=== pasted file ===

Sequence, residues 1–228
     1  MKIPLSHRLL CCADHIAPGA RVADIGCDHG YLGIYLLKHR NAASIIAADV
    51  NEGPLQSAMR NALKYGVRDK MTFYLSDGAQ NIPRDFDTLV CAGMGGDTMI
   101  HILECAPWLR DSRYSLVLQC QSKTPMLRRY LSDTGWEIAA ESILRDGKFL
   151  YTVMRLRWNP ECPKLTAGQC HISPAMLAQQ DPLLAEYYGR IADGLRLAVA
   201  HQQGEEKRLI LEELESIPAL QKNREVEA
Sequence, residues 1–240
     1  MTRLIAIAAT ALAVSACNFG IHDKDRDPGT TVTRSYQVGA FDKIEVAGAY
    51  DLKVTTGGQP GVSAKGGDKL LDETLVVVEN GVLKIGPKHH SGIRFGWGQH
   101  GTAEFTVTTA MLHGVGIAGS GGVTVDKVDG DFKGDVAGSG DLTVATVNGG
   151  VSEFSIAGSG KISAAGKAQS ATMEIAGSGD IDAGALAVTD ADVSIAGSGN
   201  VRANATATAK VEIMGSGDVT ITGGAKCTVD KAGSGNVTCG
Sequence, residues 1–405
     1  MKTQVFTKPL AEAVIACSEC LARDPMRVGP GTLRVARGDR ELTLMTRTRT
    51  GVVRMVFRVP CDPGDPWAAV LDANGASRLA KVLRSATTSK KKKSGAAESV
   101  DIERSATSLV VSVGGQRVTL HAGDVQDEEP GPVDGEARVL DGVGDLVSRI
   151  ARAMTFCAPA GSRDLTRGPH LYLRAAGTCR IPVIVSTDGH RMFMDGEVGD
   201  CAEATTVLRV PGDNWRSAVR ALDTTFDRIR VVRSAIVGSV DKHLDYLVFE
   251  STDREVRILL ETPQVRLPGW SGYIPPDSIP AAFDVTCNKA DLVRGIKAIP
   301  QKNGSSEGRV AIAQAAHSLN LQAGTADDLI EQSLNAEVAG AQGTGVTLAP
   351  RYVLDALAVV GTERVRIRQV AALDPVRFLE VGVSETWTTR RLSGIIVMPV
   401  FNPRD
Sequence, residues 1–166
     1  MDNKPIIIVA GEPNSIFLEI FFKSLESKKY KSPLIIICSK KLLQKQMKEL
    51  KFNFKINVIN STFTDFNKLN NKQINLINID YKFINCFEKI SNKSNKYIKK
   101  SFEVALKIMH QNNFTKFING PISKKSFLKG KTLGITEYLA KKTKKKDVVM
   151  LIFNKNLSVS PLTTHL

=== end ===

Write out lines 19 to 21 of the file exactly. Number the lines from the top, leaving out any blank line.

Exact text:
   251  STDREVRILL ETPQVRLPGW SGYIPPDSIP AAFDVTCNKA DLVRGIKAIP
   301  QKNGSSEGRV AIAQAAHSLN LQAGTADDLI EQSLNAEVAG AQGTGVTLAP
   351  RYVLDALAVV GTERVRIRQV AALDPVRFLE VGVSETWTTR RLSGIIVMPV